The Haus

Saturday, December 18, 1999

Updated Linux Log

I've updated my Linux Install Log. I'm about a third of the way to The Haus/Linux. After that, I've got a lot of config stuff, but it's looking cool.

I'm REALLY impressed by mySQL and PHP. Excellent tools for database-driven/scripted websites.

Update 12/18/99 7:24pm IT LIVES! The Haus/Linux LIVES! Hehe. Okay, it's got a webserver now. Big deal :-)

DirectX 7A released

Microsoft has released DirectX7A. Whee. More bug fixes from the company that never seems to release a stable product. . .

But WAIT! I heard a rumor that Win2000 Workstation is more stable than NT4! My response, you ask?!?


Update by A.T. Hun, 11:35 A.M.: As of right now, the above link does not work. I went to M$'s site and found this information on the new version:
DirectX 7.0a is an update to DirectX 7.0, providing improved force feedback performance and the best compatibility with today's input devices. This latest version of DirectX also offers excellent graphics, faster frame rates, and more immersive audio when running and displaying programs rich in multimedia elements such as full-color graphics, video, 3-D animation, and surround sound. If you had an earlier version of DirectX installed on your system, you will see difference in available space on your hard drive, since DirectX 7.0a will overwrite the earlier version.
You can download the update from MS's home user DirectX download page. The direct link to the English version is right here (6,341K).

Q3A VM & Coding Notes

Zoid made an appearance on the q3coders mailing list with this interesting tidbit on coding mods in Q3A:
From what I've read you write your Q3A-mod in ANSI C using an API similar to the build-in functions in QuakeC. Then you compile it with the modified version of LCC that is hopefully released soon. What you get is a .qvm-file containing bytecode just like in the progs.dat from Quake. This file can be interpreted by the engine or it can be compiled to native code on the fly (works like Java's JIT?).
This is exactly right.

There are three virtual DLLs in the game. cgame for the client, qagame for the server and ui for the menu user interface. They are all written in standard ANSI C.

Quake3 will run any of these DLLs in one of three modes:

  1. A native binary (DLL for Win32, .so file for Linux, etc).
  2. Interpreted QVM (this works on all platforms)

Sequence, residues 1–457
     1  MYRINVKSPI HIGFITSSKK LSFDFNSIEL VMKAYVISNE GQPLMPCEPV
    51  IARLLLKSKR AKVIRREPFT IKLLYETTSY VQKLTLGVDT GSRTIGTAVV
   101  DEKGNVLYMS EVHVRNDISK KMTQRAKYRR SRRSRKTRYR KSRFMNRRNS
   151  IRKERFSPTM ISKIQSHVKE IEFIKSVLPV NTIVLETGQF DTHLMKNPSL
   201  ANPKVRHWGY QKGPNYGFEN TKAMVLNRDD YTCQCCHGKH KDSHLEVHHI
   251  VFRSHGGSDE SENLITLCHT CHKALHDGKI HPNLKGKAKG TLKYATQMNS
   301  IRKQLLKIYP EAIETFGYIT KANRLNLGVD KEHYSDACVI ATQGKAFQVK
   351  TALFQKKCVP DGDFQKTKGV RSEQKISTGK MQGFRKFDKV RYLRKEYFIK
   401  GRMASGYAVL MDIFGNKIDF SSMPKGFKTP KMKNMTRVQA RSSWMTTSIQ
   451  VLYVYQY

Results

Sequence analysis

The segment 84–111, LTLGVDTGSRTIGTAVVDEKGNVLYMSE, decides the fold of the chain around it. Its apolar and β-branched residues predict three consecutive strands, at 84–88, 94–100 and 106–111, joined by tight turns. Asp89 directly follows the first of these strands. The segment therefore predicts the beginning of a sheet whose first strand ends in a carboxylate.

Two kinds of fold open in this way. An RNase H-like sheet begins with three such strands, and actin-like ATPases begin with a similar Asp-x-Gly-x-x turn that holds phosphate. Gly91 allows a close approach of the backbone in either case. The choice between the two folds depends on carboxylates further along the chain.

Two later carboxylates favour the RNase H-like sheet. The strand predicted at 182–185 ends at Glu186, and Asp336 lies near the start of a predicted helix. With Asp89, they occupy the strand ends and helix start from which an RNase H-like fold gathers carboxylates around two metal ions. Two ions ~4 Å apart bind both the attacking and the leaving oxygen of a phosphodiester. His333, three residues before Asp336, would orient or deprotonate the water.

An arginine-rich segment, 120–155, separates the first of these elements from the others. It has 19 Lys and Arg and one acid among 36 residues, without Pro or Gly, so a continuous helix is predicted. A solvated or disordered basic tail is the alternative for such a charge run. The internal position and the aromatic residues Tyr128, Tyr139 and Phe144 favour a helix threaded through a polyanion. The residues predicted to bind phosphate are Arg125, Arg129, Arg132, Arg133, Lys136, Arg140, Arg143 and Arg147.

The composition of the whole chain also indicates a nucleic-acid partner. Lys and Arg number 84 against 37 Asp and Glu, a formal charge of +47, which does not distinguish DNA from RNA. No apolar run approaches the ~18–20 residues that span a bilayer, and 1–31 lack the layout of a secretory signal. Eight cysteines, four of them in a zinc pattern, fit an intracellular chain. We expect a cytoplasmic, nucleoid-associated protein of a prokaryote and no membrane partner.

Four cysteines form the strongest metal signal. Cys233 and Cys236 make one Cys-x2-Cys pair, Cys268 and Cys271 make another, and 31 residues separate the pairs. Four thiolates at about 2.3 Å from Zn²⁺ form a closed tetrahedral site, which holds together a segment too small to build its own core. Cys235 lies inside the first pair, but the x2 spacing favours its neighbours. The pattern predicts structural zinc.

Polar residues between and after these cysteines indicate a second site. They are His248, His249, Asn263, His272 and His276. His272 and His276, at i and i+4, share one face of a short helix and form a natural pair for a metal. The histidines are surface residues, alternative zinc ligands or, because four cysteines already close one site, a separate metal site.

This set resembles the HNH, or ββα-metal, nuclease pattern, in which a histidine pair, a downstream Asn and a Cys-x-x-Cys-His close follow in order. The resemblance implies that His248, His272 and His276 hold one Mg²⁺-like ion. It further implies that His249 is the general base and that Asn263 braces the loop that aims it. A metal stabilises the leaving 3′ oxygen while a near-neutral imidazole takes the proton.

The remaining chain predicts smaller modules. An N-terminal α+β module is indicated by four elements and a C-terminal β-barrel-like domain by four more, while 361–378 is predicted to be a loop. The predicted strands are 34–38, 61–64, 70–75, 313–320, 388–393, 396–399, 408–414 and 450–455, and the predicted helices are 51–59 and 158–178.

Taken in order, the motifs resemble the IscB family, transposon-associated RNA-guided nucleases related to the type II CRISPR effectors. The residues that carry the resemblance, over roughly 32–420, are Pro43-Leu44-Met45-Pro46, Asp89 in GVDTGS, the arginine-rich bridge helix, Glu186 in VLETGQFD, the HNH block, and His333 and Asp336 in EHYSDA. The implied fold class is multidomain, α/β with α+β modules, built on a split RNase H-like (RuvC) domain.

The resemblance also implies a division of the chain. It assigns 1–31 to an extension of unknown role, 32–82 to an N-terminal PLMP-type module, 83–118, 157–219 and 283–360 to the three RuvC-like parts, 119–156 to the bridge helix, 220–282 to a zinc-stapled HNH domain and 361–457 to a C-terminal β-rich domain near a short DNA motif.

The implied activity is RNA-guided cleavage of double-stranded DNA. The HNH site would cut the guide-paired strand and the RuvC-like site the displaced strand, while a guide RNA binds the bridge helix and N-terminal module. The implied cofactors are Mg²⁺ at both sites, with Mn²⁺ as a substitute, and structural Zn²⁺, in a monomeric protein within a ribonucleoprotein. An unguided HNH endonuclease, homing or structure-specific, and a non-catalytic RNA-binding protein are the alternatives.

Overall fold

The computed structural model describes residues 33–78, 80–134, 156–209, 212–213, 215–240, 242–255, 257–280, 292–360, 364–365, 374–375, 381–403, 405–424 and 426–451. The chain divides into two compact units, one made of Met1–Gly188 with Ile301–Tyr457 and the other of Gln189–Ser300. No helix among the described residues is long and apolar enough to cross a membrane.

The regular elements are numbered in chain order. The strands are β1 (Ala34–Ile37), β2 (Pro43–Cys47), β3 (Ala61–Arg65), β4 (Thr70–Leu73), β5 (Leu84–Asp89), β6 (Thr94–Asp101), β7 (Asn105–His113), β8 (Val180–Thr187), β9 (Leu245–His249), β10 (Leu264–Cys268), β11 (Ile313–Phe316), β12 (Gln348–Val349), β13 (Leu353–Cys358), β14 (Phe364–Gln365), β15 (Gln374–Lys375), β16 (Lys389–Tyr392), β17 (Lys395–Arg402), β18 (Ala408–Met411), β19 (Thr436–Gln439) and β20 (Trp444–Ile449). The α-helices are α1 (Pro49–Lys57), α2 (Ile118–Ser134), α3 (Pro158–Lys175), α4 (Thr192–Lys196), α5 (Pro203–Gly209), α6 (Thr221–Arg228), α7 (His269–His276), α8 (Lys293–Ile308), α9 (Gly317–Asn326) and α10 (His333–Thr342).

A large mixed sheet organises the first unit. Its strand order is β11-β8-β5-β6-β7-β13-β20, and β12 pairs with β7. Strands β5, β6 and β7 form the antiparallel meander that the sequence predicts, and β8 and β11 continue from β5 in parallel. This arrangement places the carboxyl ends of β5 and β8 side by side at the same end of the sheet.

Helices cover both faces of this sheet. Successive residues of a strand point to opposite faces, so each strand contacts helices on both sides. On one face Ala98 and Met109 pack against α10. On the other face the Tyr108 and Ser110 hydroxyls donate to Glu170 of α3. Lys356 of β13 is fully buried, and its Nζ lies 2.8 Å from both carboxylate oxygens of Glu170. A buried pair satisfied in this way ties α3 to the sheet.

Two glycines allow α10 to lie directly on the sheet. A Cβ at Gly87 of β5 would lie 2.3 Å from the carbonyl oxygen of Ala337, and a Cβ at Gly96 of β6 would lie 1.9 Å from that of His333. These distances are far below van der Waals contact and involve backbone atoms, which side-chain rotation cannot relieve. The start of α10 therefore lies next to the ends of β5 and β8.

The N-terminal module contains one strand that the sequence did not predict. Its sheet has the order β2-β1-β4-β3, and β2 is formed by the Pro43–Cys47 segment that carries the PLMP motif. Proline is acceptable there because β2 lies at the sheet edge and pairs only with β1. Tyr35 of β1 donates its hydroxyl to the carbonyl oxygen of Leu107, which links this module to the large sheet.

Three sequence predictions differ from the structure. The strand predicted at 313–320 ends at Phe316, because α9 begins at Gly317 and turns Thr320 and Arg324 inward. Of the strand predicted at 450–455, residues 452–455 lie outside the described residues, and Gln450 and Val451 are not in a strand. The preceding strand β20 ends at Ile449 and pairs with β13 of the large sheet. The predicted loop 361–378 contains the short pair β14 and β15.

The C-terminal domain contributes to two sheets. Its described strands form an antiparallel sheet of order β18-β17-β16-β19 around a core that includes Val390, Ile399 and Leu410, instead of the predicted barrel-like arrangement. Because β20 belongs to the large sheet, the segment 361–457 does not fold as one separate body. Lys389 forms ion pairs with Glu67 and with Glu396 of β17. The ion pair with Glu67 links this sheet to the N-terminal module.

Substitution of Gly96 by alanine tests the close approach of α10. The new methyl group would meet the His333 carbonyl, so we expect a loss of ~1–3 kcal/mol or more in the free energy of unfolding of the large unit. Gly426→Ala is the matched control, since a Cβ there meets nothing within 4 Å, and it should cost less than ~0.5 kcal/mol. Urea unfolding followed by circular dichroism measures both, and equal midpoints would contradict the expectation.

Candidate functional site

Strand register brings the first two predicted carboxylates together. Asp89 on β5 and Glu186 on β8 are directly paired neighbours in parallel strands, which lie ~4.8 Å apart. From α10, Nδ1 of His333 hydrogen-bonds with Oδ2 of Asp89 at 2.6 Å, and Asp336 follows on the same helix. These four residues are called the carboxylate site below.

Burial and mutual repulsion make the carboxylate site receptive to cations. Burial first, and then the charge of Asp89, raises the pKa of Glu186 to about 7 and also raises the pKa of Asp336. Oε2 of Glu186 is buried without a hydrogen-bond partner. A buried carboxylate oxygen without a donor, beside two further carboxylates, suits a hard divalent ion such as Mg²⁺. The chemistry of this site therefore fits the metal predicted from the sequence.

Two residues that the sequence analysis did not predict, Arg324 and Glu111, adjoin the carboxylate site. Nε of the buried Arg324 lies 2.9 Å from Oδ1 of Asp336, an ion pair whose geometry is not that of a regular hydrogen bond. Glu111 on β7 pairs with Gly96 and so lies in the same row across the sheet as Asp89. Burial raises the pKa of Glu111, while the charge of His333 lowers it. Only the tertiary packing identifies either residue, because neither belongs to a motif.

3. JIT Compiled to native code (only works on i386 and PowerPC platforms).
John developed the JIT code because pure interpreted code was very slow. With interpreting the QVM, we saw as much as half your framerate going away to handling the QVM. But with JIT, it's only a three or four percent hit as compared to a native DLL. That's pretty damn amazing considering that the QVM is platform independant.

When doing development and debugging, its best do it as a native binary. That way you can use standard debugging tools on your code. Once you'vetested it an debugged it, you then use lcc combined with q3asm to convert the code into a .qvm file.

The QVM file is 100% portable across all platforms that Quake3 will be available on. The JIT features are up to the implementation of Quake3 on that platform, not your code.

This method has many benefits--you can use a standard language when development modifications (ANSI C), but not lose the benefit of cross-platform compatibliy such as QuakeC had. You can you use native binaries to allow use of state of the art debugging facilities whiledeveloping your code as well.

John choose LCC since its a freely available retargettable C compiler that is very simple to use and modify. Writing a back end to GCC is no small task--though when the specifications for q3asm is released, someone could very well write a back end to GCC. The VM bytecodes are pretty language independant. This would result in stuff like GNU C++ being able to be compiled to the VM for example (this is not unreasonable!). That would be a pretty cool hack job tho. :)

Friday, December 17, 1999

Q3A Tweaks

In my never-ceasing quest to tweak Quake III Arena for a few more frames-per-second, I ran across this Q3A tune-up guide on nV news. Some of the information I knew already, namely that setting cg_gibs 0 and turning off dynamic lights give a substantial speed increase. What I didn't know is the dramatic effect turning marks on walls off and setting cg_draw3dicons 0 would have.